Beowulf Day 2 - The Monster Grendel

"And then, as now, warriors sang of their pleasure."  Beowulf  

Beowulf Day 2 - The Monster Grendel (pgs 21-27) : Now we combine what they learned on their own - with each other and sometimes, their teacher and  we read through and discuss.

Lesson Overview 

After the quiz - we begin to read through the Beowulf text.  Because they (most of them) have read it for homework - it will be a great exercise for them to see what they saw on their own - what other classmates saw in their reading - what the teacher brings into to it - and how to adjust their reading for next time.  This is especially useful after having taken an assessment (remember - quizzes never ask "thinking questions").  The text with my notes on it are especially useful for understanding this lesson. 
    We read by starting at one end of the room (I try to alternate which end) and each students reads lines until we go on to the next student or there is a question or comment (from the class or from the teacher).  Ideas such as Anglo-Saxon poetry (alliteration, caesuras, kennings) are pointed out in the actual text rather than just lecturing at them - though they did have material on this in their reading last night.  The class synthesizes - everything they came up with, the text book, the teacher - and of course wonderfully every class that has come before this one.
    Again - the instructions are simple: Have students read a small section (6-15 lines), interrupting during that reading or after that section with questions and comments (see my notes).  Take special glee in the items that many of the students will have spotted on their own - like the monks changing Grendel to a biblical descendant of Cane.  In the previous lesson during the Beowulf Circle they were instructed to look for things the monks either changed (Christianized) or missed (things that are definitely pagan) in their translating. If you time it right - you should finish section 4 or 5 (depending on time).  I always end section 4 with a personal anecdote  "the Celery Story" about being on a bus with someone who took on someone much more powerful than themselves after taunting them for the entire trip.  When they were taken down a peg by that more powerful person - they were abandoned by the entire bus and their older brother - because they had bragged and done actions without being able to "back it up".  A key component of Anglo-Saxon culture and literature.

Remind them of their reading (homework) - the students' reading schedule for Beowulf can be found in the handout from the last lesson.  Remind them of how much they were able to come up with on their own - they can and will do this.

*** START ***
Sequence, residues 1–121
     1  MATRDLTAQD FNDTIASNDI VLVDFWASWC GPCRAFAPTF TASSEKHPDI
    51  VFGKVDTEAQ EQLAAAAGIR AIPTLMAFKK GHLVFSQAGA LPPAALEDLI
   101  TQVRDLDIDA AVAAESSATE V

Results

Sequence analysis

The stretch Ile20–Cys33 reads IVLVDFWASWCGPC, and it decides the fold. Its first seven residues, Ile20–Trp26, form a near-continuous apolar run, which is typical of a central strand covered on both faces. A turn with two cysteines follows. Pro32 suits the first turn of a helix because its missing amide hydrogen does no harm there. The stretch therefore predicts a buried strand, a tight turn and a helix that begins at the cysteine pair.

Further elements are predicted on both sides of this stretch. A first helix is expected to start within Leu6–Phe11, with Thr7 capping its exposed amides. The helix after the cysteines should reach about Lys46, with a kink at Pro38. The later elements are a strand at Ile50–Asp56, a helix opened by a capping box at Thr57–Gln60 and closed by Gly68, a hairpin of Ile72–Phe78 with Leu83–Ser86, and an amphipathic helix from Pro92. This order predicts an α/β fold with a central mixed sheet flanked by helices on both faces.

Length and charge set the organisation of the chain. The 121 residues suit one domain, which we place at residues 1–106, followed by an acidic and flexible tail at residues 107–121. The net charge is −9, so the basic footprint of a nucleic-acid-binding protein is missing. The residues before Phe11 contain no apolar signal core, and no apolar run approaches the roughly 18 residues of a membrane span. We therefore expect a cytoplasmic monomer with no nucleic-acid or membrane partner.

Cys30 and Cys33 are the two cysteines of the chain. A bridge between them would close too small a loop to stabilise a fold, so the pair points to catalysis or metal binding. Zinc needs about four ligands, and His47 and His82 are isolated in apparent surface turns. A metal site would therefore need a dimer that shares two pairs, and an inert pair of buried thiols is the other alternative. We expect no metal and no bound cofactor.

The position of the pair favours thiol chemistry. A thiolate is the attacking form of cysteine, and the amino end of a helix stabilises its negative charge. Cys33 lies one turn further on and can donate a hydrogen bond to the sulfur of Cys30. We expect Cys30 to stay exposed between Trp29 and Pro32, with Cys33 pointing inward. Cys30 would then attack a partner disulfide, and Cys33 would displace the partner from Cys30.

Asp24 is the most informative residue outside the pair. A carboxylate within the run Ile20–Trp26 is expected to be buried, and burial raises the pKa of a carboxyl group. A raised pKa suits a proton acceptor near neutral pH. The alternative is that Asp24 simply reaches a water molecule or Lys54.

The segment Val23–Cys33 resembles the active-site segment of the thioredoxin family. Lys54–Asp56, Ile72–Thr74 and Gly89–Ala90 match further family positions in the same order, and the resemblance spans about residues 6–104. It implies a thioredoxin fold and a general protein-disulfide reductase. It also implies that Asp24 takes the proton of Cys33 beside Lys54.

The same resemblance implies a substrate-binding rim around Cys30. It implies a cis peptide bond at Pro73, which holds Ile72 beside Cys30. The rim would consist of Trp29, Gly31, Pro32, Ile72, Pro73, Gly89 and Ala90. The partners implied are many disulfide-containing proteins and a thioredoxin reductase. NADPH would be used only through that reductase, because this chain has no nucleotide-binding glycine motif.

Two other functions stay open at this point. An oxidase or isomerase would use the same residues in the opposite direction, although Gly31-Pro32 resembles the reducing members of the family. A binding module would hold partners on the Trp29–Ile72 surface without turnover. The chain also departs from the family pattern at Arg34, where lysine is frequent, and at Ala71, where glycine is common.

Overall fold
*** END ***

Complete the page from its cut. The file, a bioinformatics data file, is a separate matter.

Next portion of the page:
The Reading (21-27) with my notes

See above for instructions - the text with my notes served as a guide for the questions to ask as the students are doing the reading.  Also make sure students know they can raise their hands at anytime to add their own questions/comments.  Many of my notes and questions come from classes and students over the years (the absolute best kind of questions).


Most Recent Handouts & Quizzes

Reading Quiz 21-27:  Docx  PDF   For this reading quiz there are FOUR versions.  I taught four different classes.  Students will often ask other periods what was on the quiz.  One of the saddest things I encountered is when students would put down an answer from a previous quiz - that had nothing to do with what was being asked.  ALSO NOTE the vocabulary words for Extra Credit.  Students are told to look up words they don't know - see our Beowulf Circle class - they are rewarded when they do.

Audio Visual Content

I often play - at least for a few moments  - the Seamus Heaney audio of his translation of Beowulf.  It is not only a beautiful translation - it really is understandable from an  oral point of view and integral to the idea of showing the genesis and evolution of this tale.


Remote Enhancements 

Nothing that I have found...yet.  However, given the nature of students reading , accompanied with questions and answers - a Power Point isn't really called for her.



Here is a link to the Burton Raffel translation used in my class (I do not endorse or certify the use of any outside websites).

Class Recordings (for registered members)



What's Next & Unit Home Page

Beowulf - Elem of Lit pgs 27-35    As they gain confidence from class, from their own readings - they will find the readings not only easier - but they will get much more out of them.


  The Beowulf Circle

Thoughts on the Lesson 

And now you get to see how they are using what's come earlier - both in motivation to read and in helping with comprehension.  I have found that students really amaze themselves at what they can get from the text - and that the text is much more interesting than they thought it ever would be.